May 09, 11
Fans of supernatural/vampire fiction who don't mind a strong religious theme
Read from April 21 to May 08, 2011, read count: 1
WHOA! I started this novel without really knowing what to expect. (It was a generous gift from the author, who's a Goodreads friend --but that didn't prejudice me in her favor. :-) ) Keley is a first novelist, with no prior track record; and I knew the book was self-published, and hence not vetted. What I experienced absolutely blew me out of the water; I was totally hooked and mesmerized practically from the beginning. The author handles words with an authority and skill almost unheard of in a beginning writer; but more than that, she writes with a genuine spiritual and psychological depth that I've rarely experienced in modern (or any other) fiction. And the emotional intensity of this novel has to be experienced to be believed. I didn't think it likely that another writer could ever match Meyer's stunning Twilight series in that respect, and the two works are very different in their essential vision; but the reader's emotional involvement here is every bit as intense or more so. The emotions aren't necessarily of a warm-fuzzy sort, though; I finished this feeling that my psyche had been run over with a harrow. But neither are we dealing with a vision that leaves you in disgust and despair. (Since this is the opening volume of a projected series, it won't constitute exactly a spoiler to say that the story arc here does not bring you to a place of complete closure; to achieve that, you'll have to read the next volume(s) --and you'll most definitely want to!)
Since vampire fiction is an established tradition in the supernatural genre, it's helpful to "locate" Keley's work, as it were, with some comparisons. She lists Rice as a favorite author and an influence, and her vampires, like Rice's, are not the blood-lusting automatons of the classic tradition; they do have personalities, consciences, and sensibilities, and some control over who and when they bite. Their characteristics are much like those in the Rice novels, as well, and perhaps sort of midway between the traditional model and, say, Meyer's --for instance, they can't shapeshift, and do reflect in mirrors; but they DO have fangs, and sleep through the day (and while sunlight won't kill them, it can debilitate and disfigure them). They also have a psi capability that's not true mind-reading, but comes close (though in a perhaps unconscious similarity to the Twilight books, our male vampire protagonist can't sense anything from the heroine). The really unique aspect of Keley's vampires, though, is this: though they feed physically on blood, their feeding drive, at its deepest level, is to experience complete mental/spiritual oneness with another person in the moment of death, knowing experientially everything that he/she essentially is. (This is based, apparently, partly on their inherent quasi-telepathic capability, and partly on the experience of blood-drinking in this magnitude itself; the Biblical comment that "the blood is the life" comes to mind.) So feeding on animal blood, or blood stored in frozen pouches, or blood from a live human in non-lethal quantities, doesn't satisfy this drive; "vegetarian" vampirism simply isn't an option for them. They have to be killers of humans, even if they don't like it. Keley faces this fact squarely, and then grapples with the question of how vampires can relate to the grace of God; because this is very definitely a Christian exploration of the vampire mythos. And of all the modern Christian treatments of the vampire theme that I've read, I'd say this is the deepest and most profound of any of them, including my own.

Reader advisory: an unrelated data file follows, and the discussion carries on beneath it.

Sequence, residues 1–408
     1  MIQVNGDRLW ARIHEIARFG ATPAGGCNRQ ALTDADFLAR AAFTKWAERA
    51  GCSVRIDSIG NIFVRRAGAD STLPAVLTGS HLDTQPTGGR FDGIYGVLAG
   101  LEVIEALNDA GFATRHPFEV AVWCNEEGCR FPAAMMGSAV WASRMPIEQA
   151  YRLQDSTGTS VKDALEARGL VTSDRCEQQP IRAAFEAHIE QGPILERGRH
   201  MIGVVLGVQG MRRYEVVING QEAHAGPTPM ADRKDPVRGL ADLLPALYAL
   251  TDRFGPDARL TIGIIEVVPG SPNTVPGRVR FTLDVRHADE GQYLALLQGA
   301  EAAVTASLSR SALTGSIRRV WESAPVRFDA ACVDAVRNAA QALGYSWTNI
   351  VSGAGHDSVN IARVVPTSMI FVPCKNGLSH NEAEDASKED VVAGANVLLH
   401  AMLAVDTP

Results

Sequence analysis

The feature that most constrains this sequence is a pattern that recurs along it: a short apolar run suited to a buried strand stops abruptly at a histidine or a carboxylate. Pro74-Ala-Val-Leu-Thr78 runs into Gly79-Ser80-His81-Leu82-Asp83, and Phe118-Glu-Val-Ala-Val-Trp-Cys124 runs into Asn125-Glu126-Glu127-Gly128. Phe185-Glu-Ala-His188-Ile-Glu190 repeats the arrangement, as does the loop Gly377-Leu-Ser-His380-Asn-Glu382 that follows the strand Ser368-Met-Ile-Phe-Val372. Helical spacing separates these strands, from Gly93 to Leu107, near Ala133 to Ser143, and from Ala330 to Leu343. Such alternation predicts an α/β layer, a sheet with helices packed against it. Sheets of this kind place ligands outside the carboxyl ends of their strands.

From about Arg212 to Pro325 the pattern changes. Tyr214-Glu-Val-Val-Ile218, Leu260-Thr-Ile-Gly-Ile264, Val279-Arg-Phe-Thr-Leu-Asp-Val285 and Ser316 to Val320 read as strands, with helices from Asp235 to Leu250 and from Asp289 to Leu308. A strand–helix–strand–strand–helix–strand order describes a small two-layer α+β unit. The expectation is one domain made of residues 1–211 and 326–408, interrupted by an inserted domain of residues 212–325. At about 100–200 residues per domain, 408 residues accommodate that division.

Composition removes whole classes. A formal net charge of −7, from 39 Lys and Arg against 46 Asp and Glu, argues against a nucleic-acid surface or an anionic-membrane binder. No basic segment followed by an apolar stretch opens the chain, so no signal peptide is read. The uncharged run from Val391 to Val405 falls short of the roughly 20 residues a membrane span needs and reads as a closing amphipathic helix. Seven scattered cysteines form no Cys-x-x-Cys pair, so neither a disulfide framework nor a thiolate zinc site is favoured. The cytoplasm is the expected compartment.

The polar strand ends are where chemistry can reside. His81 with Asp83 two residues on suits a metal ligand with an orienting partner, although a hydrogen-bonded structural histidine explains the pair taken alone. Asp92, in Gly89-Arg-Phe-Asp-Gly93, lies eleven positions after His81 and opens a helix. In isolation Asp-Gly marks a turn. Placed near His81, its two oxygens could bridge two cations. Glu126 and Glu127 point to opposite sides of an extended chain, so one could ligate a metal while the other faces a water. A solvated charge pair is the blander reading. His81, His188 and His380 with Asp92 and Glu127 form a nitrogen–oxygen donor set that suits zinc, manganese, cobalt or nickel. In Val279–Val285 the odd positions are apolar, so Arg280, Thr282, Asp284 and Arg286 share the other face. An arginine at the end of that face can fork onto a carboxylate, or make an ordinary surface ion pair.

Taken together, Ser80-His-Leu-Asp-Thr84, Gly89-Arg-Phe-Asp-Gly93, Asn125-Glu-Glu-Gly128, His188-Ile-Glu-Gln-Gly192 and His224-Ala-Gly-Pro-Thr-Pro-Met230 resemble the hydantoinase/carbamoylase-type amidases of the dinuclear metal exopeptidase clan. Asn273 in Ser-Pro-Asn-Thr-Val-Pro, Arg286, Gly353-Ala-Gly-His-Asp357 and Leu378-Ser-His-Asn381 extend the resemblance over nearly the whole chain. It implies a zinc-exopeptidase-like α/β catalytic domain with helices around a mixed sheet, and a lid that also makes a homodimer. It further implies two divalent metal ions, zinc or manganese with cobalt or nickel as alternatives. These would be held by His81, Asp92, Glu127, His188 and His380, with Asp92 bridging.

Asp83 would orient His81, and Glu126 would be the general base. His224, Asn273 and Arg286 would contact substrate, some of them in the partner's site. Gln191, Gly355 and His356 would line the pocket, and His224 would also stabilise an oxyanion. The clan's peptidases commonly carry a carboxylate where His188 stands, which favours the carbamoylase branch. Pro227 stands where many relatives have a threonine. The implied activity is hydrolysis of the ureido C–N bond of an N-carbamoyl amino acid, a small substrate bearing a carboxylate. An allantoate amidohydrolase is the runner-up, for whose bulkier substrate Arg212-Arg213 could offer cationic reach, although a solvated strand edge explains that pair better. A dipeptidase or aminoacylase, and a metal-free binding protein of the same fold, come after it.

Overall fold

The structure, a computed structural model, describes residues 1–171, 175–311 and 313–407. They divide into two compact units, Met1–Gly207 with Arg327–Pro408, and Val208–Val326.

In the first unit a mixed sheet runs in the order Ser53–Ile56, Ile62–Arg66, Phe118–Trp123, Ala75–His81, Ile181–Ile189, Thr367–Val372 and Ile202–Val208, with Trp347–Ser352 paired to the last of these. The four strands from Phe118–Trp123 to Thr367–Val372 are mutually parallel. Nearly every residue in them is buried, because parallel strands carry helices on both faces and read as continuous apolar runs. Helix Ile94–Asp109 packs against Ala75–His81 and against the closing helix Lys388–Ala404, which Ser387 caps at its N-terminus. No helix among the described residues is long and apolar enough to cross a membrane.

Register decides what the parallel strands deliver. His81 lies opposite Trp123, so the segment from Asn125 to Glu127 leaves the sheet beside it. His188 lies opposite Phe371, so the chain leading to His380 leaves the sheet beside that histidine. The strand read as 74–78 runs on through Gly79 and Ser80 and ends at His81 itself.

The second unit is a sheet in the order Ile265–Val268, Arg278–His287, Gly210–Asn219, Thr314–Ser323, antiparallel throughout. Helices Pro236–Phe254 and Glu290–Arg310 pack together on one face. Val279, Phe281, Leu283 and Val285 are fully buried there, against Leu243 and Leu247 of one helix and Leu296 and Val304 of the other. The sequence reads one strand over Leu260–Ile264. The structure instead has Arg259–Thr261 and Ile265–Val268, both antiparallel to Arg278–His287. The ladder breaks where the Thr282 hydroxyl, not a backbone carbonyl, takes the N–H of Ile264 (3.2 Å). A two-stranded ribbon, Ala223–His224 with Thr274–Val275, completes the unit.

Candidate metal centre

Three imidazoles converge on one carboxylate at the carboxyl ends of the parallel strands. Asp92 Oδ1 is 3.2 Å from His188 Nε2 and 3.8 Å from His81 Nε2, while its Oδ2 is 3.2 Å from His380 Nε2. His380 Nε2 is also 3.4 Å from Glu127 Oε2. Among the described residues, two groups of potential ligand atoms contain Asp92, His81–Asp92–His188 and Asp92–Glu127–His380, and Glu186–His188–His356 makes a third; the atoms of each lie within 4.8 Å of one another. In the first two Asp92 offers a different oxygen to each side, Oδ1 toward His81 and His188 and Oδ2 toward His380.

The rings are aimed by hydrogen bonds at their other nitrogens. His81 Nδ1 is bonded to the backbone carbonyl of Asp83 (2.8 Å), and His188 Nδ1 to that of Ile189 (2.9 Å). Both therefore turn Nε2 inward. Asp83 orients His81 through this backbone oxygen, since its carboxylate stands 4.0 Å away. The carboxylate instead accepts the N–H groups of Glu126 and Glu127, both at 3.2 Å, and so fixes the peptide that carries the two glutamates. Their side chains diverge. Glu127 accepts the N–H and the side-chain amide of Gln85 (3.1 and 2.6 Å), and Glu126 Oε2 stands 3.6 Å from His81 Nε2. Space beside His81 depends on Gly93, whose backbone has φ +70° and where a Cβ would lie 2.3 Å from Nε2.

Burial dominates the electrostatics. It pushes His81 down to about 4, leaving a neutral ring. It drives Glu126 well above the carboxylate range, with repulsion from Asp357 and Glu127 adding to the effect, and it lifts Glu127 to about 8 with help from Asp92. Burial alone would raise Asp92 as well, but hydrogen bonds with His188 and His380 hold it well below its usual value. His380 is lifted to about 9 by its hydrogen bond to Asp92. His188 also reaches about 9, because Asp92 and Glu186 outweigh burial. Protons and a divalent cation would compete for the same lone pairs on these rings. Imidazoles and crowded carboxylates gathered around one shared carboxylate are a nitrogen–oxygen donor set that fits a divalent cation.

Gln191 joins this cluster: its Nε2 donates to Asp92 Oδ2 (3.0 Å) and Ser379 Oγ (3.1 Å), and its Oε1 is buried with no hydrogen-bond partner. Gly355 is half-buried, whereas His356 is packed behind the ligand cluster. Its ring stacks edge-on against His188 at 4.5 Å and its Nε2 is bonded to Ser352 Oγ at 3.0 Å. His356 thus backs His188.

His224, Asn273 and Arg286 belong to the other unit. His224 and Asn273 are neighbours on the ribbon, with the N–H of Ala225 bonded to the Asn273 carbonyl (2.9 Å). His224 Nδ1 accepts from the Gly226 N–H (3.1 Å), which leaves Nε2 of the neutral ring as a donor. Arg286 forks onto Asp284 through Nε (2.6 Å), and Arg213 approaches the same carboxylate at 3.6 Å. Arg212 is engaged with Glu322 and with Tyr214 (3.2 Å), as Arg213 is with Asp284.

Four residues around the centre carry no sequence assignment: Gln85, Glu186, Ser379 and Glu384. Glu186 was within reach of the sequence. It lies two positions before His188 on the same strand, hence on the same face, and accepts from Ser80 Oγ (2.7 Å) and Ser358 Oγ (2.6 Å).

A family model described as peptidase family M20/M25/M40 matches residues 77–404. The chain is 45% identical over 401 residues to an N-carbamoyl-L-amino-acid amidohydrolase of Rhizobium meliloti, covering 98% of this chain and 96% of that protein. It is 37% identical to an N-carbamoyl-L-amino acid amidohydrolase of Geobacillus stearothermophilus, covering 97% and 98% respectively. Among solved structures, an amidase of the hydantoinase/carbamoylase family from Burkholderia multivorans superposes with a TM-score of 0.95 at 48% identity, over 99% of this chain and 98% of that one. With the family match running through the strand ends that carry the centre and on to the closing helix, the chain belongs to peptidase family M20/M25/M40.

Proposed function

Since her narrator is an 800-year-old vampire, his narrative voice is not the breezy, conversational contemporary diction of writers like Meyer or Dent. Rather, his natural voice is much more measured and elegant, with some involved syntax (and his English is influenced in some particulars by French, a nice subtle touch) and vocabulary; he learned English before language instruction was "dumbed down," and it shows. This gives the prose style the flavor of a 19th-century novel. I was actually reminded of Henry James, because of both this factor and the marked emphasis on the character's interior thoughts and intuitions --though the Jamesian quality is reminiscent of that writer at his best rather than his worst, and the plot does have its share of outward event and even violent action. Don't be misled into thinking it's dull; Keley quickly draws you into a page-turning quest for the solution to the mystery that steadily thickens here. Just who --or what-- IS Angelina, really?
If I have one slight criticism here, it's that, as a Roman Catholic author, the Christian content at the warp and woof of Keley's plot is heavily influenced by the Neo-Platonic strand of Catholic thought, with its idea of immortality as the total shucking off of the physical and its almost Eastern concept of the "beatific vision." My own ideas of the afterlife are significantly different. But that's a quibble. Normally, I don't declare myself, here on Goodreads, as a "fan" of an author until I've read and liked at least four of his/her books; I try not to do it lightly. In Keley's case, I became an official fan on the basis of this one book; and that says exactly what it implies. If I'm breathing when the next book of the series comes out, I'll be reading it as soon as I possibly can!